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Mivy James

Digital Transformation Director and Head of Consulting, BAE Systems Applied Intelligence

Challenges are a perennial feature of any digital transformation but can be particularly acute in high trust environments, says BAE Systems. That’s why culture, empowerment and advice are all important.

Governments and other organisations in high trust environments will benefit from digital transformation if they embrace an enterprise-wide agile culture, empower their employees and use tech as an enabler to meet business goals.

That’s the view of Digital Transformation Director and Head of Consulting at BAE Systems Applied Intelligence, Mivy James. She says data sensitive clients face huge risks when adopting new technology but, with expert advice, they can predict future trends, react to continual change and gain competitive advantage.

“The whole organisation needs an agile and digital transformation culture to take decisions quickly,” says James. “This is about having a fluid hierarchy and empowering employees to collaborate and use tech confidently within a set of rules.”

We monitor threats through threat intelligence so we see trends emerging and can warn clients to take preventative action before it is too late.

COVID-19 has accelerated the need for digital transformation

James, a vastly experienced computer scientist at the trusted security company, says digital transformation has risen further up the corporate agenda during the pandemic.

Throughout the crisis, BAE Systems Applied Intelligence has transformed clients into modern digital organisations, putting in place secure remote working procedures to adapt to the new normal

“Going digital is one thing, transformation is quite another,” says James. “Alignment from the leadership teams to the front line is critical when designing complex digital processes in a fast-changing and unpredictable environment.”

Machine learning must be fair and ethical

There are huge benefits from machine learning for organisations in high trust areas if they understand why they are investing in it and how to do it correctly.

Machine learning has become increasingly mainstream. However, organisations must also ensure that any system is ethical, fair, accountable, reliable and transparent. If it is, machine learning can boost consumer trust in how data is used by developing creative outcomes that improve people’s lives. Without this understanding of the ethic and bias aspects, machine learning will not reach its potential; it’s no longer the technology that’s the limiting factor.

Process reengineering

James also advises clients to consider improving business processes before investing in digital technology.

“Many companies go straight to automating and putting something in the cloud without first looking at how a process could be enhanced to meet business goals,” she says. “Sometimes you have to dismantle a process, look at it again and then decide what technology you need, or in fact, whether you need new/more technology at all to address that particular business challenge.”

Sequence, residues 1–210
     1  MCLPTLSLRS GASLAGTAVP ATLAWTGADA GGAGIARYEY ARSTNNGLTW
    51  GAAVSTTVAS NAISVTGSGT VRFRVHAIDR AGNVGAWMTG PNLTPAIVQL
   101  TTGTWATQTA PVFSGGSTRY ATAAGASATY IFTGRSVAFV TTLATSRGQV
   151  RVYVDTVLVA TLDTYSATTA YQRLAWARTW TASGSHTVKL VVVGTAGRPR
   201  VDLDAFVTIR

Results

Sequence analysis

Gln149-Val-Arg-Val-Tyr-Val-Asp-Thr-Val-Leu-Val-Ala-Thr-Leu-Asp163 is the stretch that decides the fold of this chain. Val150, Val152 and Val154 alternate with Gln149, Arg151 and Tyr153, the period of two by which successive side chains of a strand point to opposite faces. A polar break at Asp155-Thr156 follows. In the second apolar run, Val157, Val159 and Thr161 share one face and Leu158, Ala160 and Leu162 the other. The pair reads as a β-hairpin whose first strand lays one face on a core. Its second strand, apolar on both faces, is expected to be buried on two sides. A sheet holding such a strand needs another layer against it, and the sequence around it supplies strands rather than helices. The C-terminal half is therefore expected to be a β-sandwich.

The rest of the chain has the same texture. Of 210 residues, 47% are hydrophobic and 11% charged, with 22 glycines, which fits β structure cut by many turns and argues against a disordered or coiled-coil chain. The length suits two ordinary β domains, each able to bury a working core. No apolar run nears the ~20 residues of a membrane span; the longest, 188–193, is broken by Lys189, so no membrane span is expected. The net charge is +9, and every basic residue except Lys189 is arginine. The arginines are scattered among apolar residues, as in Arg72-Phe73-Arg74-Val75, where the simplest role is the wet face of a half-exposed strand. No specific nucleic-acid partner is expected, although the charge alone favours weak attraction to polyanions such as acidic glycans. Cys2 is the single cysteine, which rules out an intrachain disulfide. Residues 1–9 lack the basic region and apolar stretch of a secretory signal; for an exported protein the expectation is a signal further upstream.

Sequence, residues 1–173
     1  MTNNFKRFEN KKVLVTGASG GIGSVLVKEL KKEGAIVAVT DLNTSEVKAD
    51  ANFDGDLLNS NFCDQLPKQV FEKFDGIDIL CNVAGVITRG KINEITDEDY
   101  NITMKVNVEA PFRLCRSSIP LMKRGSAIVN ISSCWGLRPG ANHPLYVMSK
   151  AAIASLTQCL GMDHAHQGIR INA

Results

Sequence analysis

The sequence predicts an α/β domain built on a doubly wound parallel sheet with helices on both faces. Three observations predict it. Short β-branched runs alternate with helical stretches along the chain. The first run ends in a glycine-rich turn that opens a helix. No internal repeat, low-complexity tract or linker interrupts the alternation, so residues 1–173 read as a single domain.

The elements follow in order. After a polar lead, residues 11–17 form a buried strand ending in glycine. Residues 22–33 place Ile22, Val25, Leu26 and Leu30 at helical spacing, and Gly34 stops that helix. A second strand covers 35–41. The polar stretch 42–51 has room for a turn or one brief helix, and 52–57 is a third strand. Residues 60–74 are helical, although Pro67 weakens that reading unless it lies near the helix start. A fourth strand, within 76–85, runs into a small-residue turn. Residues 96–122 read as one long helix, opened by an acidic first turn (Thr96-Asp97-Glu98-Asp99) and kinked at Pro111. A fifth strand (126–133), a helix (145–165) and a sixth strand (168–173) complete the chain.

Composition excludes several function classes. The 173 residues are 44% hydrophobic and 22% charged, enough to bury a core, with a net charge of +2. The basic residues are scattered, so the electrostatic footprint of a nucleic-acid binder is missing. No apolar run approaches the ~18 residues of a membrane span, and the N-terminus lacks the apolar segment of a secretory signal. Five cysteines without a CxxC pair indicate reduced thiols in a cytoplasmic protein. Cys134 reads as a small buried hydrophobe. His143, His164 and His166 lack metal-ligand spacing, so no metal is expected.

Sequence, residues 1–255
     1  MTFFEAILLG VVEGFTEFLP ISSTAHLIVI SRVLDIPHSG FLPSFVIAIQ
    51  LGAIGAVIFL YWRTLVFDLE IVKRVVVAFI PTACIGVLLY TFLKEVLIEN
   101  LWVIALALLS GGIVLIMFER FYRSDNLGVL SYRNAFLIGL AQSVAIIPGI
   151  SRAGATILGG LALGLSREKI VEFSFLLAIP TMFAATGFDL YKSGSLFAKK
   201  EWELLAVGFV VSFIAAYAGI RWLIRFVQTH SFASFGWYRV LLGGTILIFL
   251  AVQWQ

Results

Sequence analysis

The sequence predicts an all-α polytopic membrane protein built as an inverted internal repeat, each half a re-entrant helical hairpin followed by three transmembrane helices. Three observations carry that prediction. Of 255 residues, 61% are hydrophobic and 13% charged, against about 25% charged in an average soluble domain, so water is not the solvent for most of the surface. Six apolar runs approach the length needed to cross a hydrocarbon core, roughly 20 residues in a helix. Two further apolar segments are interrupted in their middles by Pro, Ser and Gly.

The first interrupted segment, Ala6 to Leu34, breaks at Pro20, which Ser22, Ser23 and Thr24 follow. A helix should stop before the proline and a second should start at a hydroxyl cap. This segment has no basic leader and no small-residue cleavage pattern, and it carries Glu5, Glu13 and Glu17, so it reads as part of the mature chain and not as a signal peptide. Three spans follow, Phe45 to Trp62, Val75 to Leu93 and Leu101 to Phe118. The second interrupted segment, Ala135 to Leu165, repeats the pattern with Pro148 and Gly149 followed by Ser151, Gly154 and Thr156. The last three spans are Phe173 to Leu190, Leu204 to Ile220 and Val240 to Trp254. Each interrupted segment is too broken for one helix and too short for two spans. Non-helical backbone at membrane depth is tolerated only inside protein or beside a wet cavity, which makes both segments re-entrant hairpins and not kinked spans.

The use of cloud technologies will benefit these organisations that want to achieve the agility and resilience the cloud offers without compromising on security.

There are different options:

  • Mission Cloud: enables organisations to achieve the benefits of public cloud for sensitive projects with a lower security risk
  • Hybrid/cross domain cloud access: for businesses that want to take advantage of public and private cloud environments at different security levels to allow collaboration and the transfer of data between domains
  • Secure serverless: a new secure way to achieve efficiency and agile benefits by building security around the functions within the applications without the constraints of servers.

Many organisations use public and private cloud facilities, but often prefer the flexibility of public cloud to interact with consumers in areas such as e-commerce. It is easier to adapt the functionality and for stakeholders to collaborate.

Digital collaboration

One of the myriad consequences of the COVID-19 pandemic has been an increase in digital collaboration. With workforces deployed to kitchen tables and home offices around the country, employers have had little option but to trust people who are working remotely and accessing potentially sensitive data and sharing documents.

“It is crucial to keep track of who is making use of what technology and data to do their job effectively,” says James.

She adds: “This goes back to creating a digital transformation culture where you empower people by educating them on what is safe to do. If people continue to work from home, there must be secure remote systems in their own environment.”

Organisations are being urged to use intelligence gateways that filter inbound and outbound traffic, so it is clear what is being moved from one person to another and how sensitive the information is.

It is crucial to keep track of who is making use of what technology and data to do their job effectively

Be prepared

But the pandemic is no excuse to let your guard down. Expert outside counsel is critical because there will always be security risks for high trust organisations. These can come from disgruntled employees, industrial espionage and state-sponsored hacking attacks.

“We monitor threats through threat intelligence so we see trends emerging and can warn clients to take preventative action before it is too late.”

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